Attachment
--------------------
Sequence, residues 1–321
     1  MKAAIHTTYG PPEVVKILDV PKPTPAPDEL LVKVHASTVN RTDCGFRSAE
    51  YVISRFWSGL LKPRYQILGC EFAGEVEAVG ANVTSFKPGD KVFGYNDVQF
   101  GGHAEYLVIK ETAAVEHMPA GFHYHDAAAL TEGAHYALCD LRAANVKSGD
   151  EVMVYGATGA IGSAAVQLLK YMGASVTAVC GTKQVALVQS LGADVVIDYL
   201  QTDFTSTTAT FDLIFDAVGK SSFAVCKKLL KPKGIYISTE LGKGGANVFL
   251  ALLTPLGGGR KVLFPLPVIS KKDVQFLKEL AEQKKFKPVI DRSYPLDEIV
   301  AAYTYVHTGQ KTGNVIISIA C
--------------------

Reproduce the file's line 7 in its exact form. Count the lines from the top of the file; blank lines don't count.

   251  ALLTPLGGGR KVLFPLPVIS KKDVQFLKEL AEQKKFKPVI DRSYPLDEIV